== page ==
Red-Cheeked Gibbons Ape
Facts about Red-Cheeked Gibbon Apes. "Scientific name for Red-Cheeked Gibbon Ape is Nomascus gabriellae". The Red-Cheeked Gibbon Ape is also known as the golden cheeked crested gibbons and the buffed cheeked gibbons, are yellow cheeked primates belonging to the gibbon family. The Red-Cheeked Gibbon Ape are born blond to blend in with their mothers color but as they grow up they turn black. During their sexual maturity stage, the color of their fur turns back to blond; however, a small portion on their head remains black. Just like other gibbon species, the red cheeked gibbons are tailless.
The Red-Cheeked Gibbon Apes are active during the larger part of the day where they engage in various activities such as foraging and grooming. The Red-Cheeked Gibbon Ape enjoy feeding on seeds, but they also have other sources of foods such as leaves and insects. The Red-Cheeked Gibbon Ape are social animals and normally forage together. Both the males and the females are responsible for bringing up the offspring and providing security for them.
The Red-Cheeked Gibbon Ape perform brachiating, which is the primates ability to swing from one branch to another at a fast speed. They have long and strong arms that they use as a hook to hold onto the branches as they jump. The Red-Cheeked Gibbon Ape can leap up to 9 feet 8 inches (3 meters) and can cover a large area without stopping. This ability is beneficial to them, enabling them to have a variety of food sources.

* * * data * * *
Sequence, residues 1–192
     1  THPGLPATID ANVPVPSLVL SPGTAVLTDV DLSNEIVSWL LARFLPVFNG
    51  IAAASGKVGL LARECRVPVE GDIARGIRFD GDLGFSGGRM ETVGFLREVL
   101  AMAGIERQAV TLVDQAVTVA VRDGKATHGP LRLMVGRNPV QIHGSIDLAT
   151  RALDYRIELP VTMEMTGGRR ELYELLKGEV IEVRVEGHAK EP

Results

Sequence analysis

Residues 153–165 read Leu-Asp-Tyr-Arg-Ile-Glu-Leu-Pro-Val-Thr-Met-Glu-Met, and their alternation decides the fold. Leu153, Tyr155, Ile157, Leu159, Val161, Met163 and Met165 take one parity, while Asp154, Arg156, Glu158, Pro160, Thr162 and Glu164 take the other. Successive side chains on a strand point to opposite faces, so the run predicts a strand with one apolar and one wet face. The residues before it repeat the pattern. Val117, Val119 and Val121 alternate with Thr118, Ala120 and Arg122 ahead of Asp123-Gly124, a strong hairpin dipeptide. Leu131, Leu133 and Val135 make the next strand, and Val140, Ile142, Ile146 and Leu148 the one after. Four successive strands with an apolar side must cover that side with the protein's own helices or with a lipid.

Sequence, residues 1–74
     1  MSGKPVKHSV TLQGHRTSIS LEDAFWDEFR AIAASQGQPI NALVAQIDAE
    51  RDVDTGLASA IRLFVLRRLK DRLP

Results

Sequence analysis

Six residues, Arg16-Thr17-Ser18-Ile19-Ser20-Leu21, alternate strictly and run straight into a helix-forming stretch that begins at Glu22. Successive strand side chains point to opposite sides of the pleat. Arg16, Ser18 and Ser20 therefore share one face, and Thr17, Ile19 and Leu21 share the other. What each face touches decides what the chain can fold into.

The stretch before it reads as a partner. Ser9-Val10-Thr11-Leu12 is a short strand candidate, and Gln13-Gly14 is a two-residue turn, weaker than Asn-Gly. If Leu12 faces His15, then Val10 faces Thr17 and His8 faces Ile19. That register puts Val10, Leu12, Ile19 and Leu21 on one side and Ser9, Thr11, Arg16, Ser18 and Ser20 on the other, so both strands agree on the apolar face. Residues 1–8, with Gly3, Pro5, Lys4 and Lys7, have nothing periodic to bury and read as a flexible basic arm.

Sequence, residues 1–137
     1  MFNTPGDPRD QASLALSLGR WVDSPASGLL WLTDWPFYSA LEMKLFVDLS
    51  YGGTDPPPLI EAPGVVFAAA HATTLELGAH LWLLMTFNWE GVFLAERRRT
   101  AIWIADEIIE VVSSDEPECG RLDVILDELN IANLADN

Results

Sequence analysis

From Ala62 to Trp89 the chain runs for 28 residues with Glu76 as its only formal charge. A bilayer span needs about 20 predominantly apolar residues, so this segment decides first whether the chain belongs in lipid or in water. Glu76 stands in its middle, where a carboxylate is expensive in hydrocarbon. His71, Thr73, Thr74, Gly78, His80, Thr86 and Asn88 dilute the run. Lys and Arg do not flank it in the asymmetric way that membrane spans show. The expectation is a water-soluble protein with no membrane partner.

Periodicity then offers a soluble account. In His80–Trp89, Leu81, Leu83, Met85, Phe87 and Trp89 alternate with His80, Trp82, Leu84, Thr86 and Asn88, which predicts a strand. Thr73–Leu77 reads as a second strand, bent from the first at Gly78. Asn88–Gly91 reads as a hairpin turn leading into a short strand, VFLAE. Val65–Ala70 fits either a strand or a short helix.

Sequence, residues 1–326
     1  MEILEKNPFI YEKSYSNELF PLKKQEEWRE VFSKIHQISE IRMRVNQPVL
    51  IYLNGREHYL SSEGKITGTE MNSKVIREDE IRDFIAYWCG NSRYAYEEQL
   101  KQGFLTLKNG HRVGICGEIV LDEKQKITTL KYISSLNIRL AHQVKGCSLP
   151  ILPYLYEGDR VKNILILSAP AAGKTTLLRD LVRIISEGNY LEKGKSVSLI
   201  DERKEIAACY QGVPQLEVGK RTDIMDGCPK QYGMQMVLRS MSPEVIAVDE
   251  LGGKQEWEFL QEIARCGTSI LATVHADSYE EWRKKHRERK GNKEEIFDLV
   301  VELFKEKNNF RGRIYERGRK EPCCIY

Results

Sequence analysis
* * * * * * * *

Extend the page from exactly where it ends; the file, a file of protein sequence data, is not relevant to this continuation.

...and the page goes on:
The Red-Cheeked Gibbon Ape are territorial and will react violently to any intruder. Through the use of loud calls, they can mark their territories and keep intruders at bay. The Red-Cheeked Gibbon Ape engage in duets in the morning with other primates to establish their territories. The loud calls are also used as a means of communication within the group since each group has unique calls.
The Red-cheeked Gibbon is monogamous. When they are of age, they leave their group and set out in search of a mate. The family consists of the male, female and their offspring. A pair of gibbons can link up with other red cheeked gibbons to form a group and this is mainly for security purposes. Grooming is a major part of the primate’s life. The mature Red-Cheeked Gibbon Apes will take turns in grooming the smaller ones to enhance their social life.
After successful fertilization the female Red-Cheeked Gibbon Ape, the female carries the pregnancy for seven months after which she delivers one offspring. The offspring clings onto the mother for a period of two years after which it is weaned off. The young one stays with the group for eight years and then leaves in search of a mate to start its family. Researchers have found that the Red-Cheeked Gibbon Ape can live for up to 46 years.
The Red-Cheeked Gibbon Apes are included in IUCN Red list as endangered species. Every year a large number of these primates are hunted down for pet trade. Human activities have also been a major threat to the Red-Cheeked Gibbon Apes. People are clearing forested areas for agriculture and logging.
The Red-Cheeked Gibbon Ape is commonly found in Cambodia, Vietnam and Lao people’s democratic Republic. The Red-Cheeked Gibbon Ape live in tropical rain forests and this is because they are covered with many closely knitted trees that make it easier to brachiate.